The coup de grace is delivered when banks, terrified of not getting their money back from institutions which are potentially bust, stop lending to each other and freeze up the entire banking system.  Result: Meltdown 2.0.

Listen to the near-panic evident in the tone of Angel Gurria, Secretary General of the OECD in the first half of this interview last week:

Friends, unless some way is found to short-circuit this accelerating crisis we face the prospect of a rerun of 2008; only this time it is potentially far worse, because precious few governments - most of which are now severely weakened and drained dry of cash by previous bailouts - will have the resources to rescue their stricken banks.

Speaking of which...


Into this fevered and clammy market environment stride (don't laugh) our political white knights.  While the great tragedy that is Gordon Brown rolls towards its inevitable denoument... younger fresher-faced heroes step bravely forth.  Or should I say, recline languidly back..? 

Don't worry David, there's no hurry...

By ensuring a hung parliament the unfailingly brutal British voter made sure all the parties lost on Thursday.  And as the hours tick by and markets stew and fret, party leaders tip-toe around the constitutional niceties and the Queen has a lie-in on Friday morning; political greybeards urge caution and call on the parties to take as much time as they need, while a sudden oily discharge of pleasantness leaks from Labour and the Tories in the general direction of the Liberal Democrats.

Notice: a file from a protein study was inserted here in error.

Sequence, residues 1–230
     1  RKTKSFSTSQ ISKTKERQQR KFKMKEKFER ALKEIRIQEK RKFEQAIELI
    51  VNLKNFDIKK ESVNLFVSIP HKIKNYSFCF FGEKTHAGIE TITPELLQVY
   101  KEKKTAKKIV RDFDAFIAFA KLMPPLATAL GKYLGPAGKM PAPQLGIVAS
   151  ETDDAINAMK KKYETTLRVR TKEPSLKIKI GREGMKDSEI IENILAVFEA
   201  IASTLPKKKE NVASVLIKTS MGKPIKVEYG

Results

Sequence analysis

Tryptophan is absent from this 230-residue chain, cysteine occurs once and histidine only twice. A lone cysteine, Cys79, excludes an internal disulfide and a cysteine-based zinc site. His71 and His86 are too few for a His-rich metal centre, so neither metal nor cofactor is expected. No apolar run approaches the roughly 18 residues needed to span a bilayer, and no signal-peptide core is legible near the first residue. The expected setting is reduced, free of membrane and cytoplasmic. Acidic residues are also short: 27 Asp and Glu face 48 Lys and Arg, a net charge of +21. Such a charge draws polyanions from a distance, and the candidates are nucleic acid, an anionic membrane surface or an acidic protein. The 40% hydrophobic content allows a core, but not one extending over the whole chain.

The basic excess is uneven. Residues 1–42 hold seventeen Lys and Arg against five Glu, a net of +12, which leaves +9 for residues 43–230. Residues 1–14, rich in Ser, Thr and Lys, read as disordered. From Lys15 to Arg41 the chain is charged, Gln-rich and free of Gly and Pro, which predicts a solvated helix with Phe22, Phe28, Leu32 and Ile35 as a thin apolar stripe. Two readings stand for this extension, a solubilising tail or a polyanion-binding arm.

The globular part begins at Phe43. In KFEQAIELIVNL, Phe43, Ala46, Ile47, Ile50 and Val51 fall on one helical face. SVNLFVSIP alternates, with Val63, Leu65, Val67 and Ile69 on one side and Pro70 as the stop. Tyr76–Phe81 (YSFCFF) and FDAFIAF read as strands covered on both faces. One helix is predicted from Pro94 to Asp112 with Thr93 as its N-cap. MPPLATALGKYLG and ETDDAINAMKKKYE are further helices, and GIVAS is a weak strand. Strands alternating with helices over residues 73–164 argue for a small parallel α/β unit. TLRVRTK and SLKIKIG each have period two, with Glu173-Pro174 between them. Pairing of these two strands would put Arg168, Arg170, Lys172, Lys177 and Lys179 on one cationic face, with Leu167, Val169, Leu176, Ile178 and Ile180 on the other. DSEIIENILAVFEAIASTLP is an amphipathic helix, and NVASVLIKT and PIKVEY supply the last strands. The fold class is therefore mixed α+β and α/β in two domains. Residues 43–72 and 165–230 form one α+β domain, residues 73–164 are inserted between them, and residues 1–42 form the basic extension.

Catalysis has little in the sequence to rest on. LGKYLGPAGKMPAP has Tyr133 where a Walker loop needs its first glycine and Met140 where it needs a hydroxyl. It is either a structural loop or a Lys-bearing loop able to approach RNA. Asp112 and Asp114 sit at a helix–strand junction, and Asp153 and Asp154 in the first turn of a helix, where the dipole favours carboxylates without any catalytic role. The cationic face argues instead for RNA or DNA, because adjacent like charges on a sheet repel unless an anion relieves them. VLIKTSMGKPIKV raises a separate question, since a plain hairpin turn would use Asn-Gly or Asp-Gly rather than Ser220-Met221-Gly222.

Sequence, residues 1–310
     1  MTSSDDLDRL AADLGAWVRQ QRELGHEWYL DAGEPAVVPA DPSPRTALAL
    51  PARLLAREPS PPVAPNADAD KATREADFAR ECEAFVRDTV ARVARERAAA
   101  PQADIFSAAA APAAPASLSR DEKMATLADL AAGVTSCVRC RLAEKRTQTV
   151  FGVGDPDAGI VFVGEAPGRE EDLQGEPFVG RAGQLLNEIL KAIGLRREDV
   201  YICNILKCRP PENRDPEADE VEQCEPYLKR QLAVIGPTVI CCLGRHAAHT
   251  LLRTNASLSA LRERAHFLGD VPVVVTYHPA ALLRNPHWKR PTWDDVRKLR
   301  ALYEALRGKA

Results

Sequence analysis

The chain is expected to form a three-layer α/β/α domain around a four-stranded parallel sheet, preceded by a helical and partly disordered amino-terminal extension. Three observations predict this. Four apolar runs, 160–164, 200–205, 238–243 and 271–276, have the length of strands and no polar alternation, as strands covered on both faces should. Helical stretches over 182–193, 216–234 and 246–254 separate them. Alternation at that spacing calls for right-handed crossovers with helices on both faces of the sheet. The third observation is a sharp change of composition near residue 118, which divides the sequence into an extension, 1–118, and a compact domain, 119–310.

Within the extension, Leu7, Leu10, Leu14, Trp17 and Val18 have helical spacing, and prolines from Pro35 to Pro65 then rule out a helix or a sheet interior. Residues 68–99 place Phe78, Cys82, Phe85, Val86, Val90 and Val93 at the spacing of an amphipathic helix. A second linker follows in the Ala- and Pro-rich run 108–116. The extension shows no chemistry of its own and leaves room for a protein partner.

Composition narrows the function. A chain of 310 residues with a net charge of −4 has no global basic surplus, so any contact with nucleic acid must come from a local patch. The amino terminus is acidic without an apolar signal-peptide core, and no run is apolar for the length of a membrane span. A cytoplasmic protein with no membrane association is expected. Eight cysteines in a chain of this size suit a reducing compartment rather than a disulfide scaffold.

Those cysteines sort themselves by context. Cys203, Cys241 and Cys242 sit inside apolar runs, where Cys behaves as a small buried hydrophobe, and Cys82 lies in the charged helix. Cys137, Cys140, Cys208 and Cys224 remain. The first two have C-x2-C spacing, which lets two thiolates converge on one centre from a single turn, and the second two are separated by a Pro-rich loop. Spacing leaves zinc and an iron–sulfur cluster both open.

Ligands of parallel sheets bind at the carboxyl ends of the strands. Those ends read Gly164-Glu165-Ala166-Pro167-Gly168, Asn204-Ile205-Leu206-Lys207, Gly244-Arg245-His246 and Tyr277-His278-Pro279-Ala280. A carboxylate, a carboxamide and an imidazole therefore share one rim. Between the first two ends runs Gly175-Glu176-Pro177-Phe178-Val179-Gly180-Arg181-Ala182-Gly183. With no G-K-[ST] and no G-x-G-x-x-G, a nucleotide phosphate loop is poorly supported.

Yet, as smoke-filled rooms billow and puff, markets edge towards the abyss...

It's plain that, whatever the outcome of political negotiations this weekend, financial markets are highly unlikely to get the sense of clarity, certainty or direction they need. 

Monstrous public spending cuts and painful tax rises are required to sort out the deficit (just to remind you, our government is currently borrowing around £500million A DAY) and it seems inconceivable that the Liberals will be happy to get into that soiled bed with the Tories without swingeing concessions on electoral reform that David Cameron will find impossible to stomach. 

Also, if they've got any sense, the Liberals will have Bank of England Governor Mervyn King's recent comments ringing in their ears: that "whoever wins this election will have to take such unpopular measures they'll probably be locked out of power for a generation".

So it seems more than likely that something else will happen; and anything that is not a decisive government with a working majority and a serious fiscal plan of action will I'm afraid go down like a flying PIG in the markets. 

If Cameron cannot get his hardball plans through the House of Commons, an eventual British date with the IMF is an odds-on bet.

  • The US dollar is surging and the carry trade is already beginning to unwind

As I detailed back in February, the banks have made billions in profits over the past year using the falling dollar and low interest rates in the depressed West to buy high-yielding assets and currencies across the rest of the world, an olde investing technique called the 'carry trade'.  That little wheeze is now, to all intents and purposes, dead.